Jenkins calls Jackson tackle a season-changing play, defensively


After the Saints’ exciting 35-28 win over the Bucs, New Orleans defensive back Malcolm Jenkins got on the phone for a conference call with Peter King and yours truly regarding Jenkins’ maximum-hustle sprint-and-tackle of Tampa receiver Vincent Jackson.

The effort from Jenkins prevented Jackson from scoring on what was a 95-yard catch-and-run.  The Saints thereafter kept Tampa out of the end zone, stopping the Bucs on fourth and goal and then launching a 95-yard drive of their own to extend the lead to 14 points.

Was it a season-changing play, King asked?  “Defensively, it was,” Jenkins said.

Jenkins said he was on the other side of the field when Jackson made the short reception.  Jenkins told himself “take off” and sprinted toward Jackson in the hopes of bringing him down short of the end zone.  Though it looked as if Jackson slowed down in anticipation of scoring, Jenkins believed that Jackson was simply “a little bit tired.”

The effort helped move the Saints to 2-4, with a trip to Denver next Sunday night looming, and a date with Peyton Manning.  “The preparation starts tomorrow,” Jenkins said.

He added that the return of interim head coach Joe Vitt, who reportedly will rendezvous with the team in New Orleans when the team plane returns, “automatically makes us better.”

They’ll need to be a lot better, on defense especially, in order to beat the Broncos.  If the Saints do, they’ll be right in the thick of things for a potential wild-card berth in the NFC.

17 responses to “Jenkins calls Jackson tackle a season-changing play, defensively

  1. Jenkins is a man amongst boys. The guy has really come in as a top safety. It’s too bad everyone else on the Saints defense is terrible.

  2. What does he call the game-tying TD that was called off?

    Jackson needs to do wind sprints. He was huffing after 20 yards on his big reception on the final drive also. Terrible conditioning.

  3. No, they won’t be in the thick of things for a potential wild card.

    The wild cards will be going to the NFC North and East

    Don’t fool yourself

  4. Peter King of Sports Illustrated is the equivalent to Stephen A. Smith at ESPN….NOBODY values their opinion so please quit stealing a paycheck & just go away!

  5. The play was great hustle to get to a slacking Vincent Jackson. Tell me this though, Mike Williams was shoved out, came back in took four steps, planted both feet in the end zone and caught the ball. What else does a receiver have to do to “re-establish” himself in the endzone, write the NFL a letter? Neither team deserved this win with the way they played defense, but the referees inserted themselves into the game needlessly. It clearly works for the media, a 3-3 Bucs team is not nearly as exciting as a 2-4 Saints team who is “right in the thick of things” apparently… I’m sure the team will get the satisfaction of another letter from the referees, which surprisingly will make things all better! *sarcasm*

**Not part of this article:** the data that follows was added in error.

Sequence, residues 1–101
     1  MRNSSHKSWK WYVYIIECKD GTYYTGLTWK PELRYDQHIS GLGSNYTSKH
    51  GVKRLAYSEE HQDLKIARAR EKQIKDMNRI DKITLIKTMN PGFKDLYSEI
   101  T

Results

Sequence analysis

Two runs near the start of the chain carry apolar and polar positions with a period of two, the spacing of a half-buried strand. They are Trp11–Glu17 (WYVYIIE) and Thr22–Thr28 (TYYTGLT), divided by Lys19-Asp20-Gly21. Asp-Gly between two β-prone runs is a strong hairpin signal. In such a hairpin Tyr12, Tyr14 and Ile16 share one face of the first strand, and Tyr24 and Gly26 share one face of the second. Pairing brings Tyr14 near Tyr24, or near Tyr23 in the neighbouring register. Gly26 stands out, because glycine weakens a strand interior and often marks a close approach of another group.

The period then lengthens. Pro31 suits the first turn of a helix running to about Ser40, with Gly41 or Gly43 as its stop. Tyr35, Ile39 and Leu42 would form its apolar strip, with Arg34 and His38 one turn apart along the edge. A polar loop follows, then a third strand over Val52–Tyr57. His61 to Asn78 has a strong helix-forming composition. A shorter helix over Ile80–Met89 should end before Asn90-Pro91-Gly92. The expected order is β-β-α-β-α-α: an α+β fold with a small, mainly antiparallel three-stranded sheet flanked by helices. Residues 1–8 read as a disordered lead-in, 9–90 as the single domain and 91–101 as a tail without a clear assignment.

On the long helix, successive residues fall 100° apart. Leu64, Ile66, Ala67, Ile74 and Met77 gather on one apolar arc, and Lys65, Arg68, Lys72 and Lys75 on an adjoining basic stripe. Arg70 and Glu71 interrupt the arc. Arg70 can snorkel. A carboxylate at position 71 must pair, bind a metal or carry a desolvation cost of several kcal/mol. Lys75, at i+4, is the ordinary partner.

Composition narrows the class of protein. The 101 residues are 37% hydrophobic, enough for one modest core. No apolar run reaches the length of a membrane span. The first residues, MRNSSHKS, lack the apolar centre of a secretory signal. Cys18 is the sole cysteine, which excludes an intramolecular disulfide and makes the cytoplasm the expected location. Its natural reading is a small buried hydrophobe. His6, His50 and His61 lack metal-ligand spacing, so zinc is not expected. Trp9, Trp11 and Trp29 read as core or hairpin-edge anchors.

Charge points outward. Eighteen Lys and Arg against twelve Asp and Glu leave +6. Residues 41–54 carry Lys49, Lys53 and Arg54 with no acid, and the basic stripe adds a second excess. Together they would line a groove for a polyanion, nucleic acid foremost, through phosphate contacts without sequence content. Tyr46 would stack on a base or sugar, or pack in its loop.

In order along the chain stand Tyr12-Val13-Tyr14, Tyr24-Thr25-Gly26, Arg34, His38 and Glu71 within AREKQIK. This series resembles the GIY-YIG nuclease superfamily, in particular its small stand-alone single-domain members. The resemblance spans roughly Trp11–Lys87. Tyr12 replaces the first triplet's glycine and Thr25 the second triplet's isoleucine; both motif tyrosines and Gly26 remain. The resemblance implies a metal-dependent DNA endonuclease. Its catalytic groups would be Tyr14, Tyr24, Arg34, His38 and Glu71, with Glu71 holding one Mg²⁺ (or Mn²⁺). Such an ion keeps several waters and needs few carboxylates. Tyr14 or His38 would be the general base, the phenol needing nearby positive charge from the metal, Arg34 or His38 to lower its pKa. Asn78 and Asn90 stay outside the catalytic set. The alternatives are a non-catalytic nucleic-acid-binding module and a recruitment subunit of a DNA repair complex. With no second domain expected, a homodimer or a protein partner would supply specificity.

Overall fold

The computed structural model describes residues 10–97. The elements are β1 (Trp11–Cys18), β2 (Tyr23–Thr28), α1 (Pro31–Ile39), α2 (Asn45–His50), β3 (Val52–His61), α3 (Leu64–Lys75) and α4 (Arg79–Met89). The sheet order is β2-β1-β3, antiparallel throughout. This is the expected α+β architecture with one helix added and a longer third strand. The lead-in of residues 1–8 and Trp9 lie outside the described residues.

6. No, the refs intervening and gifting you the game could possibly change the season. Enjoy the cheap win aints fans.

  7. Even if he re-establishes himself back into the field of play he cannot be the 1st person to the touch the ball… If the ball was tipped, then it would’ve been a game tying TD. Fans try to make rules work in their favor when it’s convenient for them. Try blaming your loss on your team and not the refs. And watch out for the Saints down the stretch we have the horses to make a serious run.

  8. That would have been a penalty except for the fact that freeman roll out of the pocket before the contact was made.

  9. Mike Williams couldn’t be the first to touch the ball, even though he re-established himself. The only way he could legally catch it is if someone else tipped it first.

  10. Like others have mentioned, there is no such thing as re-establishing yourself in bounds for a WR on a pass play. This only is a rule for special teams and fumble recoveries, nothing else. And, it’s good that it doesn’t exist for pass plays or else we’d constantly see players go out of bounds at the slightest contact, only to come back in and catch the ball. I wouldn’t want that kind of call to be an opinion based call for the refs. It would be constantly confusing and would be constantly called wrong, just like the wonderful completed catch rules these days.

    If Freeman had still been in the pocket, however, then pushing the WR out of bounds would have been an illegal contact call and an illegal touching of the ball. In other words, it still would have been no TD and 4th down. Kind of doesn’t matter now, but those are the re-established rules…they don’t apply for WR’s on a pass play.

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